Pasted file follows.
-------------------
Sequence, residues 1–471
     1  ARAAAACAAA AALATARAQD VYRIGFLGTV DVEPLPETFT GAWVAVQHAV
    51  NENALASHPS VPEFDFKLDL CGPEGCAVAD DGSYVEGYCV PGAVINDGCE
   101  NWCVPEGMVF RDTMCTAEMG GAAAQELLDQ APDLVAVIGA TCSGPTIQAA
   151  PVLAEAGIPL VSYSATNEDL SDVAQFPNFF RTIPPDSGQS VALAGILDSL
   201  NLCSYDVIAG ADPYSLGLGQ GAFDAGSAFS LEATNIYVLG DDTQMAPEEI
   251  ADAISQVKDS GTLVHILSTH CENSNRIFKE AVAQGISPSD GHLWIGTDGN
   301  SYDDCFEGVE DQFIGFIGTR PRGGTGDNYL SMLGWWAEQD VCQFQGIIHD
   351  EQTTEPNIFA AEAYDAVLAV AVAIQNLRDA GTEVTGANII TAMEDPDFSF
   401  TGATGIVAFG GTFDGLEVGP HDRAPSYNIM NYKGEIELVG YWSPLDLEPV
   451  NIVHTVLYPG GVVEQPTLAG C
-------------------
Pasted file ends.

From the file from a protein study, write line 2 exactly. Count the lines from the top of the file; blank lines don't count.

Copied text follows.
     1  ARAAAACAAA AALATARAQD VYRIGFLGTV DVEPLPETFT GAWVAVQHAV